2. Do you sell merchandise that meets the law’s definition of “consumer product”?  The law defines “consumer product” to include “tangible personal property for sale and that is normally used for personal, family, or household purposes.”
  3. Do you meet the definition of a ‘‘high-volume third party seller’’?  The law defines a “high-volume third party seller” as a seller in an online marketplace that doesn’t operate the online marketplace and that, in any continuous 12-month period during the past 24 months, has had 200 or more separate sales or transactions of new or unused consumer products, and $5,000 or more in gross revenues. In calculating the number of sales or amount of gross revenues for the “high-volume” threshold on a given online marketplace, the only sales that count are ones made though that online marketplace and for which payment was processed by the online marketplace, either directly or through its payment processor. The law specifically exempts businesses that have a contractual relationship with the marketplace to manufacture, distribute, wholesale, or fulfill shipments of consumer products; that have made their name, business address, and contact information available to the general public; and that provide the marketplace with identifying information that the marketplace has verified.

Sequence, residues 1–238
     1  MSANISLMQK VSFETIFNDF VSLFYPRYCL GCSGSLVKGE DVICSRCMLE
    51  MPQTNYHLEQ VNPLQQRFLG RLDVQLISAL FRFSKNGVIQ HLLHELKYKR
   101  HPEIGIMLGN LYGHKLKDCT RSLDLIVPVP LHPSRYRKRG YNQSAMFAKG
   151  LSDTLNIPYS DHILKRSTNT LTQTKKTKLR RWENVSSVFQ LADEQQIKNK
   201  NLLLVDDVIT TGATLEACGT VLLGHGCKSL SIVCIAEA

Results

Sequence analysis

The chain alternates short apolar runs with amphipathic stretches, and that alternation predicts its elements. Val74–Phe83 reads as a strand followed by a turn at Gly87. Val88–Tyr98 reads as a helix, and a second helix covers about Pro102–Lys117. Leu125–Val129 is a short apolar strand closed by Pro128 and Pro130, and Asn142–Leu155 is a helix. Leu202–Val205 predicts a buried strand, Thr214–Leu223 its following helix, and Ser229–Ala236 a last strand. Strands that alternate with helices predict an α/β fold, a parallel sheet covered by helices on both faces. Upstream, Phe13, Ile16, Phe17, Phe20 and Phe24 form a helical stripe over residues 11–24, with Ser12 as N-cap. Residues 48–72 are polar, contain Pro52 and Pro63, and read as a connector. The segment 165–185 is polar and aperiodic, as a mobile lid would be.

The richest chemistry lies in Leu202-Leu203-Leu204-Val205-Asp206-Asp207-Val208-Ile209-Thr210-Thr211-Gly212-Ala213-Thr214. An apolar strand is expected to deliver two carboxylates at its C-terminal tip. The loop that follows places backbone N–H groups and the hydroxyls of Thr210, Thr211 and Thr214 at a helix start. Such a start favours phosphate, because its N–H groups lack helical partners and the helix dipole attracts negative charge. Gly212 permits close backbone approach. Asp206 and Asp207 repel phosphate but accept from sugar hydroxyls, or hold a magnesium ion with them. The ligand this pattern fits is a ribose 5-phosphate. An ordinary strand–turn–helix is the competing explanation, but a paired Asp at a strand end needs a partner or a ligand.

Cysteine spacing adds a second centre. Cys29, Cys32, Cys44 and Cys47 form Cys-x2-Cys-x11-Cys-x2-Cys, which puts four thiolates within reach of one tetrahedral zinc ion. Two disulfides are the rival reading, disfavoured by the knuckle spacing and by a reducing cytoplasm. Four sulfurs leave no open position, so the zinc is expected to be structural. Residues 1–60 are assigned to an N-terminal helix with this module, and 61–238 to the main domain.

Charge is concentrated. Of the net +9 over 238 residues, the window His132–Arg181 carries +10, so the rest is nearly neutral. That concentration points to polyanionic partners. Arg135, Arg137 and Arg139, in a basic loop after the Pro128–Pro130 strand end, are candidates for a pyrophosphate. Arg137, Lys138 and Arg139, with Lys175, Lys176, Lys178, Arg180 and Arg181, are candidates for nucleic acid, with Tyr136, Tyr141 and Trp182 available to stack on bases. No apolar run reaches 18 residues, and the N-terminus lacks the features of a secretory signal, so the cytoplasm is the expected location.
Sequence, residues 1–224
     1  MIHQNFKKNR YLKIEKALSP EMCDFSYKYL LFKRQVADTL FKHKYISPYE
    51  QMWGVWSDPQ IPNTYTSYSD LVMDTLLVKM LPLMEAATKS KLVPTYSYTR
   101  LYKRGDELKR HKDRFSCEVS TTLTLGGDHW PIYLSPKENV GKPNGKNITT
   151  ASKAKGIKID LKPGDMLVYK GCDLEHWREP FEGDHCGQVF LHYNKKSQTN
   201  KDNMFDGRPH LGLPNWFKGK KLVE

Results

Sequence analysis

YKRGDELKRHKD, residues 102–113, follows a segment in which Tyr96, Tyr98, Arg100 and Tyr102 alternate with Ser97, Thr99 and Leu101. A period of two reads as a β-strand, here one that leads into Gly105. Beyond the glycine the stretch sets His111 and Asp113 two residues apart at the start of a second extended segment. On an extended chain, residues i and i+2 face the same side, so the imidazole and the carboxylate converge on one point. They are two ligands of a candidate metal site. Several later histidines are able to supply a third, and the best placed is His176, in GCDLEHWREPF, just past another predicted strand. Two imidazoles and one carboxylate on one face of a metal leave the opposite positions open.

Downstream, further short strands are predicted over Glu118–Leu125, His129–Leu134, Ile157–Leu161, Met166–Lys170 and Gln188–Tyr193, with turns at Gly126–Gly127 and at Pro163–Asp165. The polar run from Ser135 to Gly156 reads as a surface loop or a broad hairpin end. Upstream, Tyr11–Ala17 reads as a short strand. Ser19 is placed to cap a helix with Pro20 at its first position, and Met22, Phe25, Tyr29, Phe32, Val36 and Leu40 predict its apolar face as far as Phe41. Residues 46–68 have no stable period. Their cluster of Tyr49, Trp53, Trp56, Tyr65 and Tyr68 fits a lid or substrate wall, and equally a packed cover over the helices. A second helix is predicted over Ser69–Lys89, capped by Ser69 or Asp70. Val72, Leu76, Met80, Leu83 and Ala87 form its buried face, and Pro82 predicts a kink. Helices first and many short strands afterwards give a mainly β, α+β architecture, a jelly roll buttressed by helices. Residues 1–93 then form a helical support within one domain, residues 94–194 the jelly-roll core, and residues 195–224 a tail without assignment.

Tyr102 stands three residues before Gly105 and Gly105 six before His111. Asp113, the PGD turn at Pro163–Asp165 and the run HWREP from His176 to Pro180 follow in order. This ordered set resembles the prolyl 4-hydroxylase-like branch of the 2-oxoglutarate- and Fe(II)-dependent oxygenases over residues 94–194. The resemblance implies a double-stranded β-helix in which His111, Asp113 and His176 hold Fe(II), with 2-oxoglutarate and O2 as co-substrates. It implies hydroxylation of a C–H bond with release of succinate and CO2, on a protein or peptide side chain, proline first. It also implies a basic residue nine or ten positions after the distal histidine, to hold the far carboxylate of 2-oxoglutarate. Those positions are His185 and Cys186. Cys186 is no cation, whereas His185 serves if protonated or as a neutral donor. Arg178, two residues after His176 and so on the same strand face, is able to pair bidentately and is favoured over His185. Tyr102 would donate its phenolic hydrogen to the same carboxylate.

That means the INFORM Consumers Act impacts you if you sell consumer products in an online marketplace, if you meet the minimum sales thresholds in the law, and if you don’t meet all the factors required for an exemption. Furthermore, marketplaces can implement measures on collection, verification, and disclosure that go beyond what the Act requires. The Act specifies a floor, not a ceiling, on what marketplaces must do.

How online marketplaces’ obligations under the INFORM Consumers Act may impact you